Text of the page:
There are cases of rabbit plague in North Rhine-Westphalia - and that is what the authorities are now concerned about.
Even people can get infected.
Düsseldorf - A dead rabbit is currently keeping the authorities in North Rhine-Westphalia on their toes.
Because the death of the does not go back to natural circumstances, but to the so-called rabbit plague - also tularemia.
Humans can also get the disease, but fortunately this infection is still a long way from being explosive as a coronavirus.
As reported, for example, by the Coesfeld District Hunters Association, the disease was found in a dead rabbit.
As the association further reports, this is a reportable disease and “increased attention is required in the surrounding areas”.
Rabbit plague in North Rhine-Westphalia: Beware of dead rabbits or hares
What is known about the disease?
Among other things, the State Investigation Office of Rhineland-Palatinate writes in an article about rabbit plague: "Tularemia is a plague-like infectious disease, usually associated with swelling of the lymph nodes, of numerous animal species, which often causes blood poisoning in rodents (" rabbit plague ") and can be transmitted to humans.
So extreme caution is required for people too.
Since the disease can also be transmitted via insects, caution is advised.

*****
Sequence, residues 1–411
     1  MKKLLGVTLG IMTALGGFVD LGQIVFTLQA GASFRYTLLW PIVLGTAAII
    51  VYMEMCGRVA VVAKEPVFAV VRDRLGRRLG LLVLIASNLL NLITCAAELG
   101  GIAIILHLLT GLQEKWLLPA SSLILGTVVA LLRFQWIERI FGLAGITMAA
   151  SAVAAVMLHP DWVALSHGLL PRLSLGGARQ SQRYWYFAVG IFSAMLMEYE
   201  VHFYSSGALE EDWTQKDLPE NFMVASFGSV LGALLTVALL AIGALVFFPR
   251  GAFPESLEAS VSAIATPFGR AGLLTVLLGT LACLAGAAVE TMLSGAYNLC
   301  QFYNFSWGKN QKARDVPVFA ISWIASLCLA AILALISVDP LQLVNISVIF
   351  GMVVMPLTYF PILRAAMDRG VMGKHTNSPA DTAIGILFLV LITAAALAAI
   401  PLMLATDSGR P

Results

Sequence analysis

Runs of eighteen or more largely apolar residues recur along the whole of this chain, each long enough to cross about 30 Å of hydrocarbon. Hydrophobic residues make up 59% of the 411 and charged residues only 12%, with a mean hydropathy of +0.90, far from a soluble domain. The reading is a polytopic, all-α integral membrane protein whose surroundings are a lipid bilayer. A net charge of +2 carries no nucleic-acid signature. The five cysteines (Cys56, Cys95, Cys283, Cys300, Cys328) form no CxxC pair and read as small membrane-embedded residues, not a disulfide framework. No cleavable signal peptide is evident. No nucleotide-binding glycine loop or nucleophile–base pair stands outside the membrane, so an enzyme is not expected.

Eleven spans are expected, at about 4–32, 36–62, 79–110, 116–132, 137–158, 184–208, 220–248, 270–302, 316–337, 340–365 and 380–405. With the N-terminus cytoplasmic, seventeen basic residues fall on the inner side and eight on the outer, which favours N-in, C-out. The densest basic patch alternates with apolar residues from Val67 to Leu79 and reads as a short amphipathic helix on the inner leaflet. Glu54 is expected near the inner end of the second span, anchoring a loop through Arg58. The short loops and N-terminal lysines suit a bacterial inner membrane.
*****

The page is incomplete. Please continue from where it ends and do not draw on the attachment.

The District Hunters Association writes: “Please use rubber gloves and, if possible, wear a face mask.
A person's illness with tularemia can be life threatening ”.
Rabbit plague in NRW: also watch out for dogs
The plague usually leads to death in hares and rabbits, but less often in humans.
In humans, according to the State Investigation Office, the general symptoms are usually fever, malaise or muscle pain, although the clinical picture can also differ.
Immediate treatment is important.
A "person-to-person transmission is not known," writes the State Investigation Office also.
Since dogs can also get the disease and pass it on to humans, dog owners should also be careful.
among other things
, dog owners are required to wash their paws or snouts after coming into contact with dead hares or rabbits.
Bernhard Richter, the chairman of the Düsseldorf and Mettmann District Hunters' Association, told the
: “The rabbit plague should not be underestimated.
In the last few years people have been infected again and again.
That is why you should keep your dog on a leash and, above all, not touch the hares and their young, which look dead ”.
Another animal in Saarland - namely a peacock - was stolen from the farm, according to the owner.